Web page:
This, too, is contrary to most contemporary ideas about how to do personal evangelism. Today’s evangelicals generally think if we offend someone by pressing the claims of the gospel too firmly or too plainly, we’ve done something terribly wrong. The reality is quite the opposite: if you think the gospel can be proclaimed in a way that is always appealing and never upsetting to unbelievers, you have the wrong idea about what the gospel message says.

That is why Jesus left the issue with Nicodemus on a note of condemnation. John 3:16, of course, is famous for its stress on the love of God and the giving of Christ so that “whoever believes in Him shall not perish, but have eternal life.” That’s the central truth of the gospel message and the promise that makes it good news. But it is not good news for those who remain in unbelief. Therefore Jesus’ conversation with Nicodemus ended on a harsh and sobering note about the severe condemnation that rests on all unbelievers and hypocrites. Since Jesus had already implicated Nicodemus in verse 12 with the words “you do not believe,” this was a very direct and personal challenge aimed squarely at him and the pharisaical belief system he represented.

An Encouraging Epilogue

As a matter of fact, Jesus’ discourse on the gospel in John 3 ends on such a negative note that if this were the only place we encounter Nicodemus in all of Scripture, we might conclude that he left without saying any more and remained in unbelief all his life.

However, there is every reason to conclude that Nicodemus, who originally came to Jesus under cover of darkness, was eventually drawn to the true Light and became a genuine believer. The last time we meet Nicodemus in Scripture is in John 19:39, where he and Joseph of Arimathea hastily prepared the Savior’s body for burial. It was an act that could well have cost him everything, at the very moment when the rest of the Sanhedrin had whipped public fury against Jesus into a murderous rage. He clearly had become a different man than he was when he first approached Jesus as an unbelieving, inquiring Pharisee.

Nicodemus reminds us that evangelistic encounters should never be evaluated by how the conversation ends. If we are biblically faithful in sowing the gospel, we can confidently leave the not-yet-converted sinner in the sovereign hands of God. Only He can regenerate them, and we know that nothing can stop Him from gathering His sheep into His fold (John 10:27–30).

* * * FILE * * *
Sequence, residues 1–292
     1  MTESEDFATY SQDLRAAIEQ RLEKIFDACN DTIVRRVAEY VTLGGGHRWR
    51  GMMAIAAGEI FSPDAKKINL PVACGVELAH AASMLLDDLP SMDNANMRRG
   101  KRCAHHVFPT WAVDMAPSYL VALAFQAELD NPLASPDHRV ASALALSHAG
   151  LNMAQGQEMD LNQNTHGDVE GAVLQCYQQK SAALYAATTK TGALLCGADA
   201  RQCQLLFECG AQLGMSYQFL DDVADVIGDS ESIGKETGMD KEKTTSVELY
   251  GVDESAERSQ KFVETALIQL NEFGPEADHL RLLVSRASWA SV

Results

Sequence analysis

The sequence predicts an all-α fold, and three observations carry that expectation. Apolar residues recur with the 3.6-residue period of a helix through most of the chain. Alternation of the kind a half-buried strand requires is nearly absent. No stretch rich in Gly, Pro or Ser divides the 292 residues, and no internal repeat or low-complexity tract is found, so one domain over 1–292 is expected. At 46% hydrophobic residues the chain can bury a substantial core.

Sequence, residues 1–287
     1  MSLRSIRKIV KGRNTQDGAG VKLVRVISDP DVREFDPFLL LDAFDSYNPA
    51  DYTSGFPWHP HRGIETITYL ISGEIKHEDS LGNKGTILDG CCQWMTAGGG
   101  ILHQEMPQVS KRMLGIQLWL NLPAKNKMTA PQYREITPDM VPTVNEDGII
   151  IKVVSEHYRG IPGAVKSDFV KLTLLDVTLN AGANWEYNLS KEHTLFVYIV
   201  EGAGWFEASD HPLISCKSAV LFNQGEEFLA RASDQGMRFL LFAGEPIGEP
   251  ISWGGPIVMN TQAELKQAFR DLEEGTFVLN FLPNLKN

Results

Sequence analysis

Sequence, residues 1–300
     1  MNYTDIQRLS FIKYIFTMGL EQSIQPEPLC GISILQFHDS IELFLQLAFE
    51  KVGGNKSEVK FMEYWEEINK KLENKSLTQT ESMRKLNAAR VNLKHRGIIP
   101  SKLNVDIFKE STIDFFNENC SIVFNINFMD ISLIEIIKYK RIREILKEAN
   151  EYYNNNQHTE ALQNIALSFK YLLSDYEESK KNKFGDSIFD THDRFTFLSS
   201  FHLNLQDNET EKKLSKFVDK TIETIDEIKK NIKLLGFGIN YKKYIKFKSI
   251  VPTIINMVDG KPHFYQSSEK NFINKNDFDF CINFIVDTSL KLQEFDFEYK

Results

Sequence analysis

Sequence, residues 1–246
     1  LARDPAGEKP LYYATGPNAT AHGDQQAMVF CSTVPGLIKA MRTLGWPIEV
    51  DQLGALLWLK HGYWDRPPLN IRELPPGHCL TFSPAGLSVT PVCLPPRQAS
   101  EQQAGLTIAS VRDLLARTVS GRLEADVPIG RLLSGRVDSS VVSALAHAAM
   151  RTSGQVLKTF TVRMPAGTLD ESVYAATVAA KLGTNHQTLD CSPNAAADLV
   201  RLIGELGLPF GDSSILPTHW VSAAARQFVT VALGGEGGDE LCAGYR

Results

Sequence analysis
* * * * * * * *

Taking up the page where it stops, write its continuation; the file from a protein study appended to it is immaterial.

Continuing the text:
Christmas invariably presents us with inquirers like Nicodemus. The normal hostility of unbelief often gives way to open curiosity as we gather around the scene of Christ’s birth. May we follow Christ’s example and firmly, yet graciously, call unbelieving family and friends to repentance and saving faith in Him.

Copyright 2007, Grace to You. All rights reserved.  Used by permission

The term “Pharisee” gets thrown around a lot today. As you can imagine, I get accused of being a Pharisee constantly. I can’t tell you how much this word hurts me when others carelessly throw it my way. I also can’t help but wonder if those who are so fond of using this slur really understand the historical and spiritual implications of such an accusation.

I hope this will cause you to think twice before calling someone a Pharisee.

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Christian faith, more importantly, God. Is often hated because of some misunderstandings Satan has done so well has branded the faith with. But what is really behind them? What does the Bible really say?

1. God is a genocidal maniac.

The God revealed in the Bible is not reducible to the attributes of love or mercy. God is a righteous, holy, and just God. He must punish evil. If God didn't have reasons for doing so beyond our comprehension, he would not be worthy of worship, let alone believe. We would never praise a judge who chooses to let convicted thieves, murders, and rapists return home without justice. Even if a judge did this in the name of love, we would never be satisfied with the practical realities of having these people living unpunished in our neighborhoods or teaching our children at school. A God who never gives justice is a God who should be rejected. A God who is both loving and just is a God that is not only worthy of but also demands our worship and obedience.

(See Is God a Genocidal Maniac?)

2. Jesus never existed as a real person.